How do you operate a factory, with employees required to produce the goods you make, in an environment where we're all being asked to stay home and avoid contact with each other to delay or prevent the spread of this virus? There is, it turns out, a responsible way. Here are there recommendations for any business that needs to keep the doors open in the middle of the pandemic:

  1. Close all the common areas like coffee rooms or canteens. All employees should use bathrooms, coffee or smoke brakes one by one.
  2. Try to be sure that all the employees work at least 1,5 meters away from each other. If not possible, have them wear a mask and rubber gloves.
  3. Invite all the employees to clean their working space more than once a day with a cleaning product, also their mobile phones, laptops, tablets, etc. Especially if the area is used by more than one person. Always clean the surfaces before using them.
  4. Put purell gels around the company.
  5. Have thermometers available for the employees to check their temperature (to be cleaned after each use). If the temperature is higher than 37,5 C, send them back home where they should stay isolated.
  6. We put some very clear signs around the company. Something like: “remember to wash your hands after you have opened the door” (the door handle is a very risky area) or “clean your working space”. There are a lot of these signs around. Simple reminders but useful. We need to change our habits and it’s not easy.
  7. Try to speak as frequently as possible to them explaining the basic rules of this virus. Wash hands frequently with soap, stay away from each other, don’t shake hands, don’t touch your face, if you feel sick don’t come to the office, etc. remind them to avoid going to E.R. If they feel sick. They should call their doctor and stay at home to avoid contagion.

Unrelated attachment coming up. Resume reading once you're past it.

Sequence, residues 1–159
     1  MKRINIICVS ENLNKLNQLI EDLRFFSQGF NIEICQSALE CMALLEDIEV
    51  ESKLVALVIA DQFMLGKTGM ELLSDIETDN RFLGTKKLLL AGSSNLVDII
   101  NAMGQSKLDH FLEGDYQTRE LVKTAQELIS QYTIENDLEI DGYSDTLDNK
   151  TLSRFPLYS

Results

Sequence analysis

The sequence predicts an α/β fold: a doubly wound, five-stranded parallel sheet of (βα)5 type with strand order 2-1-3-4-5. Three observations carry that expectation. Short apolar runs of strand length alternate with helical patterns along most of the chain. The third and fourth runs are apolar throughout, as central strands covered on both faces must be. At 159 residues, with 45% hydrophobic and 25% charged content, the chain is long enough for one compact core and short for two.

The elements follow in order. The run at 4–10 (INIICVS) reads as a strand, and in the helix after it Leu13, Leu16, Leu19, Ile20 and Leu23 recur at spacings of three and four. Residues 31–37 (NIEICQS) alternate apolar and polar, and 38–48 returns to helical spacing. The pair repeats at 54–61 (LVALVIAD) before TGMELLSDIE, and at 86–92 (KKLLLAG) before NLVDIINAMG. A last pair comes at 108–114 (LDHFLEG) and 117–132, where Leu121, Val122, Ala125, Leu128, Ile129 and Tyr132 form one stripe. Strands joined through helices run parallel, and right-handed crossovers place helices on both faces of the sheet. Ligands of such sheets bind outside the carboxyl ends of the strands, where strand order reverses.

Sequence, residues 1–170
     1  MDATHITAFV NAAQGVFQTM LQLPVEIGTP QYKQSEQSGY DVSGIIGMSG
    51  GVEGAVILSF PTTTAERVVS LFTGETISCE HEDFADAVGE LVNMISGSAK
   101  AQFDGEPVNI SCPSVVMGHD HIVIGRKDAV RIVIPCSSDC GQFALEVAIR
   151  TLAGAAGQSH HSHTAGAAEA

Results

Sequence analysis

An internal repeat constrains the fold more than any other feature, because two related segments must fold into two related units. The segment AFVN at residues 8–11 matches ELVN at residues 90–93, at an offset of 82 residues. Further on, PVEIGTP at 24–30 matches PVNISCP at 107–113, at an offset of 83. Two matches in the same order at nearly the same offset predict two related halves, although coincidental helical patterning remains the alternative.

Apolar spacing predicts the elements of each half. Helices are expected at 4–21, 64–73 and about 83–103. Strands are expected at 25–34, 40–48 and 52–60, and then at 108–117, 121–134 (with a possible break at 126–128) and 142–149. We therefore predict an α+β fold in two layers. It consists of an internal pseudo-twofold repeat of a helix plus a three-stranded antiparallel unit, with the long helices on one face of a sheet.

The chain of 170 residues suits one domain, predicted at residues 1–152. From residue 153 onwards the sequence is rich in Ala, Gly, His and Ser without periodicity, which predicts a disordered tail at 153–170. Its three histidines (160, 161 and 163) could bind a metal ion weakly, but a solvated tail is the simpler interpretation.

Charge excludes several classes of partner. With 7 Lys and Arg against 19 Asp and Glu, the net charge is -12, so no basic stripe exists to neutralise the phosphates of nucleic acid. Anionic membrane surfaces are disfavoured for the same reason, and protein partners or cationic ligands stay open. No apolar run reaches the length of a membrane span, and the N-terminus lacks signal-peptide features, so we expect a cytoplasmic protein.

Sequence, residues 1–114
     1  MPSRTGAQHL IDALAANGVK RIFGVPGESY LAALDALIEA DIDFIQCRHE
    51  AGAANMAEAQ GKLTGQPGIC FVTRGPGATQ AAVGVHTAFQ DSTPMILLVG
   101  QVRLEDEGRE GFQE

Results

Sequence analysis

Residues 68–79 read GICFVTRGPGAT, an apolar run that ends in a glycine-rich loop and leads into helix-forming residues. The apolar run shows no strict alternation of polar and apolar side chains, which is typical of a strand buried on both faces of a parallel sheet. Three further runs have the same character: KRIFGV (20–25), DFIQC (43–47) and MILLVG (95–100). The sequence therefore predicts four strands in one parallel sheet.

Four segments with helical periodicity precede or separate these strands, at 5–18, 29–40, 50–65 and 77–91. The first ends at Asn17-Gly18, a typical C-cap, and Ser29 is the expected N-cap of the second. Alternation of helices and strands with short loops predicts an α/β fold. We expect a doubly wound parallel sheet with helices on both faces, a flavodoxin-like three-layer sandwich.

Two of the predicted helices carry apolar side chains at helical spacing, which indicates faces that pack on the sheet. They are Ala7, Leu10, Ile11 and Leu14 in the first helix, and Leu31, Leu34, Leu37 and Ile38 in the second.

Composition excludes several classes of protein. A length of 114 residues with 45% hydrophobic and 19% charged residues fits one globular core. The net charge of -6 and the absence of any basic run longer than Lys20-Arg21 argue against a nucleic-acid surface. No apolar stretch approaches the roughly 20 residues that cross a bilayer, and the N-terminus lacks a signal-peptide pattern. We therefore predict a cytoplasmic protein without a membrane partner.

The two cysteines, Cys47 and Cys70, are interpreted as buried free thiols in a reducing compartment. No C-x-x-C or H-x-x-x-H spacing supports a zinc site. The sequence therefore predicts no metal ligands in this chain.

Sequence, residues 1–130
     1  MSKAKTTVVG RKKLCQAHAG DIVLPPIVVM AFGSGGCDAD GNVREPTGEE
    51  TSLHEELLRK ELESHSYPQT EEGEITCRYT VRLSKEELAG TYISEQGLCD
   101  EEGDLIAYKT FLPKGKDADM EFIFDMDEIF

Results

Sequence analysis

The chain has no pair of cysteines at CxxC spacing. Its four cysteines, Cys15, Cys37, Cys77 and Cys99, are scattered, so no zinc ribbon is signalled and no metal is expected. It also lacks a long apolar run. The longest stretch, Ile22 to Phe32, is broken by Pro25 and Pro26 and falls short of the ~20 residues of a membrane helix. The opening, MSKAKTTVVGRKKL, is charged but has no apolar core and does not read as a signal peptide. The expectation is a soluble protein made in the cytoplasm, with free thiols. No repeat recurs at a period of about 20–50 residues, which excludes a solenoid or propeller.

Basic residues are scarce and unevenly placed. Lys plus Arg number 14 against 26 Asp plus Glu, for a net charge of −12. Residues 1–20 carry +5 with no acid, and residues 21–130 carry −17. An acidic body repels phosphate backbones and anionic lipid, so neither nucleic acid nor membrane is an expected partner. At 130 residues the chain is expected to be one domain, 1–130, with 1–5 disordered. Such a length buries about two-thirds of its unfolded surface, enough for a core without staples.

8. Use smart working with most of the workers who can work from home. We are doing shifts where we have only one employee per area in the office while the others work from home.
  9. Do a general cleaning of the company with the use of ozone cleaning. Tell your cleaning team to be more thorough when cleaning common areas or all those areas that people touch more often (door handles, computer keyboards or mouse, coffee machines, etc. )
  10. Tell them to get changed as soon as they get home. Wash their hands or, better, take a shower before touching other family members
  11. If you have employees with some special pathologies (diabetes above all or any other debilitating sickness) leave the home immediately.
  12. Keep your elderly safely at home.

Sound advice, right? Please feel free to copy and paste or share this list if you or anyone you know is wrestling with how to keep a working business open in a safe and responsible way.